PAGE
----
The Spanish Flu

Since its foundation in 1904, the Oratory has closed its doors to the public only three times. Aside from the current closure due to the coronavirus pandemic, the Oratory also closed its doors for one week during the 1998 ice storm.

Also, as history’s most fervent supporters will recall, an even earlier event caused the closure of all public places in Montreal from October 13 to November 3, 1918.

The Spanish flu struck and, in Montreal alone, more than 3,000 people died from it.

The Oratory was doubly affected, both by the closure of the shrine and then by the death of its first rector, Father Georges-Auguste Dion, CSC, on October 8 at the age of 66.

Even if we cannot attribute his death with certainty to the Spanish flu, he was still a victim of it since two days before, the Directors of the Hygiene Office forbade the Oratory to welcome the crowds.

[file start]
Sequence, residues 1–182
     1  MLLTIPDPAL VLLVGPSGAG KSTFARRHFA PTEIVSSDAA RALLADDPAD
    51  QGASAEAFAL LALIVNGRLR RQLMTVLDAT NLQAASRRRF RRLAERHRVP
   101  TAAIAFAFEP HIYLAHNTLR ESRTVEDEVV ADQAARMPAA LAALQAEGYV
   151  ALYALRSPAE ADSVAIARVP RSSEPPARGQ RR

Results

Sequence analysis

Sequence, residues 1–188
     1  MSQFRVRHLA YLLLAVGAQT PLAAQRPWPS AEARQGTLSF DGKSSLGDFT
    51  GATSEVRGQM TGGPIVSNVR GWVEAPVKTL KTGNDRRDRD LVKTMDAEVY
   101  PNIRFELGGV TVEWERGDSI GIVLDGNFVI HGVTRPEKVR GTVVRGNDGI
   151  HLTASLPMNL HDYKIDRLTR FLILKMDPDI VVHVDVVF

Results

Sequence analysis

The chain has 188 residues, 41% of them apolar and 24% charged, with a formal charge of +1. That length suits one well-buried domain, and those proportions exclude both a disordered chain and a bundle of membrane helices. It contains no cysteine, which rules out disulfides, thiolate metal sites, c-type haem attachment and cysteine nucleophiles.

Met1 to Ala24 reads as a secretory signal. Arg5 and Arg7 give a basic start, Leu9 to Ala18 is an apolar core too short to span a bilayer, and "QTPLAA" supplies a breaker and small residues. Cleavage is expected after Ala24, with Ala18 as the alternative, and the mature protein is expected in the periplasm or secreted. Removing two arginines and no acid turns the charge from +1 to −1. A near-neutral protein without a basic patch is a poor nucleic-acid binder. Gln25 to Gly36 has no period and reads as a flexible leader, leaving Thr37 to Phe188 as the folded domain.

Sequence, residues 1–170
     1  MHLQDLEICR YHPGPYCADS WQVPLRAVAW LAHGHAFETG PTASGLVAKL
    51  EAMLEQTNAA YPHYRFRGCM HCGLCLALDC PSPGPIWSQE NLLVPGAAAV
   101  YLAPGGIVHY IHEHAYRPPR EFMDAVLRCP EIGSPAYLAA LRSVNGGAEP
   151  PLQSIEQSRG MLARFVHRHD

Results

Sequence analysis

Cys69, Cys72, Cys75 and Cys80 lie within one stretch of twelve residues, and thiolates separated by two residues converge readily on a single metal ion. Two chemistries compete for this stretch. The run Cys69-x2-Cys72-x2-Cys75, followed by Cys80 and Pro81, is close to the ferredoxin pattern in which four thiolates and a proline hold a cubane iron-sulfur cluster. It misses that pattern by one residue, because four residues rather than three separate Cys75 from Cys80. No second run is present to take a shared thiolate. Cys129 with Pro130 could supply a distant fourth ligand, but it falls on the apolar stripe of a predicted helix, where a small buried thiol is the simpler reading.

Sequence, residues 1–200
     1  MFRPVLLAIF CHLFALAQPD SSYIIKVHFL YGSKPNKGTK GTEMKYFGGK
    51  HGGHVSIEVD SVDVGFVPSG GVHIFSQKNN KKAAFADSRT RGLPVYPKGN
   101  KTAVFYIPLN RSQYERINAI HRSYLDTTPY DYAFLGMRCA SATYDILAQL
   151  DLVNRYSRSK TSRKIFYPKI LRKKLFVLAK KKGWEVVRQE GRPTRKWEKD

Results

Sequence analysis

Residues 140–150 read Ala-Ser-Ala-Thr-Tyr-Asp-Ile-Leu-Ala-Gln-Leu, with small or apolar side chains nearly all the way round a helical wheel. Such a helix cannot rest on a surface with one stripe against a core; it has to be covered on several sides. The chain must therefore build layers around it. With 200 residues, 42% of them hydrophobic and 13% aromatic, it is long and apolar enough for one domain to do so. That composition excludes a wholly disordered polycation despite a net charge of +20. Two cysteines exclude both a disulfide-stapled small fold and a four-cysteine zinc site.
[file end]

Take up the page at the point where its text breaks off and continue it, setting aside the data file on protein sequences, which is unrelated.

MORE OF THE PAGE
Thus, the funeral was held behind closed doors with members of the clergy, including Archbishop Bruchési, then Archbishop of Montreal.

Père George-Auguste Dion
Extrait chronique de l'Oratoire
Annales de saint Joseph

And as proof that deception in times of crisis is a thing of the past, the 1918 issue of L’Oratoire magazine warned against a company that sold a remedy made by a certain Father André!

Mise en garde grippe espangole